Urban Bird Diversity as an Indicator of Social Diversity and Economic Inequality in Vancouver, British Columbia

by Stephanie J. Melles

Department of Zoology, University of Toronto, Toronto, Ontario, Canada, M5S 3G5


The unequal distribution of wealth in cities contributes to other forms of spatial, social, and biological inequities in complex, interacting, and self-reinforcing ways. Recent work on urban birds has often focused on community-level correlation studies of short duration in which many points along an urban gradient are surveyed for birds, and the data are related to various ecological variables measured at multiple scales. Spatial variation in urban bird communities may also reflect socioeconomic variables and cultural differences among the human population. The purpose of this paper was to examine whether socioeconomic factors (such as mean family income and ethnic diversity) also relate to the diversity and abundance of birds in Vancouver, British Columbia. I used redundancy analysis to characterize the socioeconomic gradient in a citywide study of the bird community in 44 census-defined neighborhoods. Mean family income, census-tract area, and ethnicity were some of the dominant variables that correlated with most of the variation in the bird community. I found no direct relationship between neighborhood age and bird diversity and abundance. The results demonstrate that the wealthier neighborhoods have more native species of birds and that these species increase in abundance as the socioeconomic status of the neighborhood improves. With two thirds of the globe's population expected to dwell in cities by 2030, more and more people will grow up surrounded by a depauperate community of birds, and this could adversely affect the way they perceive, appreciate, and understand nature. Ultimately, as city birdlife diminishes and urban dwellers become dissociated from the natural diversity it represents, popular support for preserving and restoring such diversity may wane, allowing ecological conditions to further erode.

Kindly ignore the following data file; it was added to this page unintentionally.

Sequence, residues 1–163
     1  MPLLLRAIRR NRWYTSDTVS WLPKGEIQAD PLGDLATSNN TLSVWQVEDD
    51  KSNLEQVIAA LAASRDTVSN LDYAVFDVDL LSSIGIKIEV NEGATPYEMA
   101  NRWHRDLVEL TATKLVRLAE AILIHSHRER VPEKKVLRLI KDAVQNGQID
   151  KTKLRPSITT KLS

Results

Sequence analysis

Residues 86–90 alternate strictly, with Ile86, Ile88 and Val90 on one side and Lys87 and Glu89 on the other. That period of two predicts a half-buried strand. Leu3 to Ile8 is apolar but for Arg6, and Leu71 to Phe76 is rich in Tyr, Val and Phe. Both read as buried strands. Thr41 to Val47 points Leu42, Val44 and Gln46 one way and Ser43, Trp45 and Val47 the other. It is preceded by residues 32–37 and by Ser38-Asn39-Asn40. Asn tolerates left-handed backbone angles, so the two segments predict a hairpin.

Key words: Biodiversity, gradient analysis, mean family income, socioeconomic variables, spatial segregation, urban ecology